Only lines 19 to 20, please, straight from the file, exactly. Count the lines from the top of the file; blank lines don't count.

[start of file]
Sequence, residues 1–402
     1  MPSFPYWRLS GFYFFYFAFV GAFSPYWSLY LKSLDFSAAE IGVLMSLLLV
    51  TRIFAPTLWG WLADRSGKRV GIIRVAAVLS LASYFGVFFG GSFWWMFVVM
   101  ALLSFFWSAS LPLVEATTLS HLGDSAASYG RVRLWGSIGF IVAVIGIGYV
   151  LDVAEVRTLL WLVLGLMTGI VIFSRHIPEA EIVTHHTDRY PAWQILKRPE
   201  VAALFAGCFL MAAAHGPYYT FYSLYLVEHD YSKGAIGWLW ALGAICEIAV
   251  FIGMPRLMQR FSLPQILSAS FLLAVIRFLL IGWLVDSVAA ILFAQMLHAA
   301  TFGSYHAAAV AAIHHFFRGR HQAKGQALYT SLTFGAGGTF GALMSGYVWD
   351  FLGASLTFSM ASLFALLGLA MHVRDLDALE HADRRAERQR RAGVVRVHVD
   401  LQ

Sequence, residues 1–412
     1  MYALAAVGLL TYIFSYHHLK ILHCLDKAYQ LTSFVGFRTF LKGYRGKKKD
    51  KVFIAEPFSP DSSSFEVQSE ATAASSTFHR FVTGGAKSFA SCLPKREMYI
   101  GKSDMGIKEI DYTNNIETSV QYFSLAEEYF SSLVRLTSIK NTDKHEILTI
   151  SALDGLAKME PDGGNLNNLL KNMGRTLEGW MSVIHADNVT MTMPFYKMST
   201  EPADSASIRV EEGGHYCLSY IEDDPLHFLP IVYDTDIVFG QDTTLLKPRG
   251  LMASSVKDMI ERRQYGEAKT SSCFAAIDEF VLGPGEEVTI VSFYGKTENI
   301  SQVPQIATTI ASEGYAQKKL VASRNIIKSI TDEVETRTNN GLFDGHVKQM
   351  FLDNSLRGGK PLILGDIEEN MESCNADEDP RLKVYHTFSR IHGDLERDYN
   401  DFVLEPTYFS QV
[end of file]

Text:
   351  FLDNSLRGGK PLILGDIEEN MESCNADEDP RLKVYHTFSR IHGDLERDYN
   401  DFVLEPTYFS QV